Review – The Personal History of David Copperfield


MYRNA BROWN, HOST: Today is Friday, August 28th. Thank you for turning to WORLD Radio to help start your day. Good morning. I’m Myrna Brown.

NICK EICHER, HOST: And I’m Nick Eicher. Coming next on The World and Everything in It: A new film adaptation of a classic Charles Dickens novel.

MEGAN BASHAM, FILM CRITIC: Whether David Copperfield shall turn out to be the hero of his new film, or whether that station will be held by anybody else, this review must show. And, in truth, while Dickens’ tale is still up to entertaining crowds, his erstwhile orphan is more confectioner than hero here. He stands mostly off to the side, casting whimsical Victorian visions. But he seems a little disengaged from events himself.

CLIP: London is full of more wonders and wickedness than all the cities of the earth. And it’s ours, David, to go wherever we choose. Oh no, not down there. Creditors make that road impassable. Two tailors and a most unreasonable muffin man.

In many ways director Armando Iannucci’s The Personal History of David Copperfield bears a striking resemblance to the charming 2017 Dan Stevens movie, The Man Who Invented Christmas. That, too, was a story about the creative writing process. It showed us how A Christmas Carol came to be assembled in Dickens’ imagination based on events in his youth. 

Something similar happens here. The difference is A Christmas Carol is 31,000 words. David Copperfield the novel runs more than 10 times that. So while the holiday classic is just the right length for reimagining while still having time to hit the high notes, whittling Dickens’ magnum opus down to a mere two hours means choosing a thin slice out of a very large pie. The wedge Iannucci serves up is the tartest and, in some ways, least representative of the whole.

Essentially, he recasts Copperfield as a farce.

CLIP: Your stepfather informs me that your mama is ill. How ill is she? Tell them. Jane. Jane. Tell me, please. I won’t deceive you, very ill. Very ill. Dangerously ill. She’s dead. 

The complex, though, admittedly, often ridiculous, characters who populate David’s life become nearly as fantastical as Scrooge’s three ghosts. 

We have the winsome family by the sea, the Peggottys. The artful debt dodger, Mr. Micawber, played Dr. Who’s Peter Capaldi. Donkey-foiling aunt, Miss Trotwood played by Tilda Swinton. And her sidekick, the kite-flying Mr. Dick: Hugh Laurie giving us a much warmer, fuzzier performance than mean Dr. House.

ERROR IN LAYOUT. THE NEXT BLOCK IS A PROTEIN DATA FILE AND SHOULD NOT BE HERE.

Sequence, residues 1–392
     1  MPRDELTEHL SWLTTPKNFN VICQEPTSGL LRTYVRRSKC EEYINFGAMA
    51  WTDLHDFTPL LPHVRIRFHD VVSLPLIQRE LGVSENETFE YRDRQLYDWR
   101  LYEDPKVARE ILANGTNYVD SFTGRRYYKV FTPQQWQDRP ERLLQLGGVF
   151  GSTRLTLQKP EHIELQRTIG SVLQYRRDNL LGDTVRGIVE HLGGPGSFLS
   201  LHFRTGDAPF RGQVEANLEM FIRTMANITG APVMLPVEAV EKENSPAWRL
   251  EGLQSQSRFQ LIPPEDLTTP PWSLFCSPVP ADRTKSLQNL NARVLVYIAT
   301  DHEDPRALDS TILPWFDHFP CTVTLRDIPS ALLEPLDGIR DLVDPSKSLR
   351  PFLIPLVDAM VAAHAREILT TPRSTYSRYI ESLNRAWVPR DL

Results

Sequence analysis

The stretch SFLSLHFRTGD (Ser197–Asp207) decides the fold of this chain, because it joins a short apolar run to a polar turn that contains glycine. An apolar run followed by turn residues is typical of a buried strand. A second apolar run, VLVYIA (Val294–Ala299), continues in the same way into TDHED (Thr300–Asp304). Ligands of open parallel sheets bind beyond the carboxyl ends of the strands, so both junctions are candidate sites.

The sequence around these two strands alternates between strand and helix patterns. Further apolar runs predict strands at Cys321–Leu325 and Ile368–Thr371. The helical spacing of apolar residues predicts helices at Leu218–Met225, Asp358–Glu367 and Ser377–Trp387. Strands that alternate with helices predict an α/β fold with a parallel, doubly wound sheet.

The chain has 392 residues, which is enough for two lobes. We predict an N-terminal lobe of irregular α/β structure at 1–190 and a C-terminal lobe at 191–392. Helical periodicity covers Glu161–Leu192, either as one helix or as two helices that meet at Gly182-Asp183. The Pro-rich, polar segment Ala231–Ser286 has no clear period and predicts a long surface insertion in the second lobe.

CLIP: Delighted to meet you. Delighted, thank you. Can you just confirm something? Yes. My head, am I right that my head is connected to my body? Well let me have a look. Yes, I can confirm without any doubt that it is. That’s good to hear. Would you like to see my kite? Ooh, yes please.

Iannucci draws them all as outlandishly as cartoons. 

CLIP: Ready to become a proctor? Eager to become a proctor. That’s the attitude. Let’s celebrate. What is a proctor? I haven’t the faintest idea.

In the novel, the humor comes from wincing at relatable shortcomings as much as guffawing at parodies and pratfalls. Even today, I can hardly hand over my debit card at the Nordstrom annual sale without ruefully reflecting on that sage wisdom Micawber always failed to follow: “Annual income twenty pounds, annual expenditure nineteen nineteen and six, result happiness. Annual income twenty  pounds,  annual  expenditure  twenty pounds ought and six, result misery.”

The same goes for Mr. Wickfield’s alcoholism and Dora’s immaturity. Iannucci plays them solely for laughs, never for the tragedy we see in the source material. 

CLIP: Aha, Mr. Wickfield, Agnes, how very nice to see you. Are you well? That was quite the journey. Was it? Is it too early for sherry? A little early. 

We don’t yearn to see David come to his senses and finally recognize that Agnes would be a wife worth more than rubies because we never fully appreciate what counterfeit glitter Dora offers.

CLIP: You were staring slightly. Is there something wrong with me? No, goodness me. I apologize for my rudeness. He’s apologizing Jip, should we forgive him? He says we shall. Thank you, Jip. Think nothing of it sir. He speaks very well. It was actually me. I like to pretend he speaks. Some people think it idiotic. 

The most  redemptive arc of the novel—the fall and recovery of Little Em’ly—is present in broad strokes. But there simply isn’t time to touch on deep, Biblical themes Dickens included in the book that brought to mind Hosea pursuing his wayward wife or the prodigal’s father abandoning honor to run to his son. That would require an entire film to itself, one I’ve often longed to see.

The upside to a lighter, more candy-colored Copperfield is it’s short, sweet, and PG enough to please all but the youngest ages. 

Even the villains are more amusing than threatening. Ben Whishaw’s sniveling, ’umble Uriah Heep has all the menace of a Roald Dahl illustration. 

CLIP: I’m thrilled to make your acquaintance Master Copperfield. Uriah can you bring that to the dormitory please? I’m in deep humility. And with that Uriah Heep rubbed himself out of the room. 

So there’s not much here that will cause nightmares or spark questions parents may not be ready to answer. While Dickens purists might wish there were a little more salt to balance out the sugar, this Copperfield is still a treat.

I’m Megan Basham.


(Dean Rogers/Fox Searchlight Pictures via AP) This image released by Fox Searchlight Pictures shows Dev Patel in a scene from the film “The Personal History of David Copperfield.” 

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